- Paper cups, paper plates and paper bowls. Using paper during a time of crisis will save on your limited supply of water and are easy to burn when garbage collection has been halted. Purchase a variety of sizes, all your meals will not be dinner size. Also purchase a various weights, all do not all have to be the heaviest variety as the cheapest are sufficient for a simple sandwich. You will probably use more bowls than you think as Dutch oven meals are often one pot and appropriate to eat from a bowl. Bowls are also perfect for snacks for the kids as well as the obvious, oatmeal for breakfast. Be sure to have cups appropriate for both cold and hot drinks. NO Styrofoam, just two different weights of paper cups.
- Plastic utensils. Save water by using disposable utensils. Consider what you will be eating, lots of oatmeal and soups, then you will want lots of spoons.
- Coffee maker filters. There are so many uses for these other than as a coffee filter. When serving a PB and J sandwich simply wrap it in a filter, saves a plate and also the napkin. Check out the uses in your July 2012 Totally Ready Newsletter.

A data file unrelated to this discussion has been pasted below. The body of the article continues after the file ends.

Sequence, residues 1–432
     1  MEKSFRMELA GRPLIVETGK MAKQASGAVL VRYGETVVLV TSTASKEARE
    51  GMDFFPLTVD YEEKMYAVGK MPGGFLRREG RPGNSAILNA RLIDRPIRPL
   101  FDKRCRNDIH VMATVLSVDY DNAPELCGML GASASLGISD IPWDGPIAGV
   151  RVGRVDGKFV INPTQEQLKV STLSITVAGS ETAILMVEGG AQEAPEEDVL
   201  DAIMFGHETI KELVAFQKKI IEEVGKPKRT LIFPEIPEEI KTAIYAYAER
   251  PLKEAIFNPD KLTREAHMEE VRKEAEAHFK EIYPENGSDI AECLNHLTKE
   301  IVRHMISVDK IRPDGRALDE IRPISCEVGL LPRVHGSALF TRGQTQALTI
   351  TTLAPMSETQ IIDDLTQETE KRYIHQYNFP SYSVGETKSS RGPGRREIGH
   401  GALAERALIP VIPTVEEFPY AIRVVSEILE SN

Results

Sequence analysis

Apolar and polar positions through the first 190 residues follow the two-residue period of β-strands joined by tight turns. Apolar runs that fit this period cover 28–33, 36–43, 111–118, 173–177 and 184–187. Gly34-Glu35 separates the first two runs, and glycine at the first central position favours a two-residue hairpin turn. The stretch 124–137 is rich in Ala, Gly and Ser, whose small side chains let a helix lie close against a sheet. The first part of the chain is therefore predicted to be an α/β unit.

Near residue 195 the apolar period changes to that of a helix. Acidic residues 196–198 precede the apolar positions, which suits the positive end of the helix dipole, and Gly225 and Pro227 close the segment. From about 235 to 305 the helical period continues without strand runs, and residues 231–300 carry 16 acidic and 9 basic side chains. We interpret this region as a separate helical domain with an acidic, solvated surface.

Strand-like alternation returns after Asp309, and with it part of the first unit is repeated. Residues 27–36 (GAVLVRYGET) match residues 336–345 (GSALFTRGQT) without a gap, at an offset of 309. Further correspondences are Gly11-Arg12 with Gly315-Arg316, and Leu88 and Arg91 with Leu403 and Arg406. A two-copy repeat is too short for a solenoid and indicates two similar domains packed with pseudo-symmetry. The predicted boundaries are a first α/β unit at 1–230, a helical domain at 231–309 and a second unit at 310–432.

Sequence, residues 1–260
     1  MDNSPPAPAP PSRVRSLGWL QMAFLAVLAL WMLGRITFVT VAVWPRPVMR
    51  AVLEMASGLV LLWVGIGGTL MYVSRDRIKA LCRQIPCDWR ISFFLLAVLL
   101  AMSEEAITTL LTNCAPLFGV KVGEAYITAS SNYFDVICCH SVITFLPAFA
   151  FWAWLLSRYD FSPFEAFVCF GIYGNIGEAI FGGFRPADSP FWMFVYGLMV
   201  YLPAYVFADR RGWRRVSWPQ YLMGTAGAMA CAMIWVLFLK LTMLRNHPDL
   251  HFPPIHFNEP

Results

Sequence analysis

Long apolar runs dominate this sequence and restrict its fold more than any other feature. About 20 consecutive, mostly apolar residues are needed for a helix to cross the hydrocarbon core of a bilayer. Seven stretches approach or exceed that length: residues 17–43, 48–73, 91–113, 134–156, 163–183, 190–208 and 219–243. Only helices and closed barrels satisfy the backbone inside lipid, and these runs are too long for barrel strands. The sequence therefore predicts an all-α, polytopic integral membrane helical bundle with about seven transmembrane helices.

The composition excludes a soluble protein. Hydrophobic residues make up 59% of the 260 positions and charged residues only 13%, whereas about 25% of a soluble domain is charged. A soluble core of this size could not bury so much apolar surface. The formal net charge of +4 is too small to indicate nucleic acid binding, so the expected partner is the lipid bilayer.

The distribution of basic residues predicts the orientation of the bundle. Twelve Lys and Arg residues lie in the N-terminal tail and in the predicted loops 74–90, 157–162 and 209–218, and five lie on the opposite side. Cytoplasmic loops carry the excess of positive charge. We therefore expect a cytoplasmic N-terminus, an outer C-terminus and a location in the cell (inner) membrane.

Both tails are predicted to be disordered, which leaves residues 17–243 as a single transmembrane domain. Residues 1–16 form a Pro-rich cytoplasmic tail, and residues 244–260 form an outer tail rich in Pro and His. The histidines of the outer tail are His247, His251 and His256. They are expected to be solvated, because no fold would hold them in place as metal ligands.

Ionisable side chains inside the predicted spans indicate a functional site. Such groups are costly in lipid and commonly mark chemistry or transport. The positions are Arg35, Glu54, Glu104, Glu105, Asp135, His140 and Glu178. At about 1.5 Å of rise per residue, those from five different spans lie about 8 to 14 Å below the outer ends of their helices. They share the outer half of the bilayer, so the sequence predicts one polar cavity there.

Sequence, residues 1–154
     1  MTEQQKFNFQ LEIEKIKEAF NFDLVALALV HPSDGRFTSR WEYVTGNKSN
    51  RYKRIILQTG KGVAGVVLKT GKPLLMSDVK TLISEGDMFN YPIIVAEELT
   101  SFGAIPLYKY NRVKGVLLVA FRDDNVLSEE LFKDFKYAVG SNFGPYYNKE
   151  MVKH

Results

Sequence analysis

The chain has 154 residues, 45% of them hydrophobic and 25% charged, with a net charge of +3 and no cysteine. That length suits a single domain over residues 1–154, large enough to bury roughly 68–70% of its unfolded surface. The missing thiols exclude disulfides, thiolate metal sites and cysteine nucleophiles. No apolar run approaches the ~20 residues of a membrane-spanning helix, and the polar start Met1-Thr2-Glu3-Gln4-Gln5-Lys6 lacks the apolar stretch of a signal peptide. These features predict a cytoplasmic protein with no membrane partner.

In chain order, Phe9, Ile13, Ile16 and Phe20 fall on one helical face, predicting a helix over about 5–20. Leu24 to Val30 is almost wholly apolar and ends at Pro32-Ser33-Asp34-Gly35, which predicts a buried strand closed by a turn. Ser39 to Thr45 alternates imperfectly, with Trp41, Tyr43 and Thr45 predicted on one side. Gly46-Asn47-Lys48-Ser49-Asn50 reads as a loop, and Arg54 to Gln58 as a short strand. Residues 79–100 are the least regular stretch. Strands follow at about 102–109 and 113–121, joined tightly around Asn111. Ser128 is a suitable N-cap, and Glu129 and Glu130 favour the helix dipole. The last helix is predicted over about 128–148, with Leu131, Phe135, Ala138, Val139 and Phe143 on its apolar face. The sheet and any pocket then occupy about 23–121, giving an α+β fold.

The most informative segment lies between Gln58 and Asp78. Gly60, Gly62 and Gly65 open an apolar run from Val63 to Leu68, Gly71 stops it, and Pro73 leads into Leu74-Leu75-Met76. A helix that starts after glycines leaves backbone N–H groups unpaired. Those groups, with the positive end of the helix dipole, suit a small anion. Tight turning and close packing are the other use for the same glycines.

- Napkins and paper towels. This may not be politically correct but as someone who is preparing to be self reliant under all circumstances these are essential. I personally use rags at home to clean counters and we use cloth napkins, well not always. During an emergency when water is scarce you will want paper so it can easily be disposed of and will not use precious water supplies.
- Facial tissues. I guess you could use TP or paper towels but if you are dealing with a crisis situation and become ill you want to make the patient as comfortable as possible. If your emergency is a pandemic you will want everyone in your home to have their own box to avoid passing along germs as much as possible, maybe a few boxes each.
- Diapers. If you have children or grandchildren you are planning for always store diapers a size too large.